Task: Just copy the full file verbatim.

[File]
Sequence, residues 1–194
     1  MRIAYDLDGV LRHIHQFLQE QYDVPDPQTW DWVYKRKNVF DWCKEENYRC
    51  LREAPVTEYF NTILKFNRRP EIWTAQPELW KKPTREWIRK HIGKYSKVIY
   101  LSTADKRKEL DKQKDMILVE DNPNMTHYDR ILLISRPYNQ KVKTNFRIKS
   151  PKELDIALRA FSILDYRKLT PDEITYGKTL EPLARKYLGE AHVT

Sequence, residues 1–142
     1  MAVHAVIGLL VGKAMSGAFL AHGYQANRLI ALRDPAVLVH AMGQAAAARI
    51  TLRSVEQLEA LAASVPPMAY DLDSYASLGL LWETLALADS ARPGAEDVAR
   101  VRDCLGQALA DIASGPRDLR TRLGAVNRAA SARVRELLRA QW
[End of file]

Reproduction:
Sequence, residues 1–194
     1  MRIAYDLDGV LRHIHQFLQE QYDVPDPQTW DWVYKRKNVF DWCKEENYRC
    51  LREAPVTEYF NTILKFNRRP EIWTAQPELW KKPTREWIRK HIGKYSKVIY
   101  LSTADKRKEL DKQKDMILVE DNPNMTHYDR ILLISRPYNQ KVKTNFRIKS
   151  PKELDIALRA FSILDYRKLT PDEITYGKTL EPLARKYLGE AHVT

Sequence, residues 1–142
     1  MAVHAVIGLL VGKAMSGAFL AHGYQANRLI ALRDPAVLVH AMGQAAAARI
    51  TLRSVEQLEA LAASVPPMAY DLDSYASLGL LWETLALADS ARPGAEDVAR
   101  VRDCLGQALA DIASGPRDLR TRLGAVNRAA SARVRELLRA QW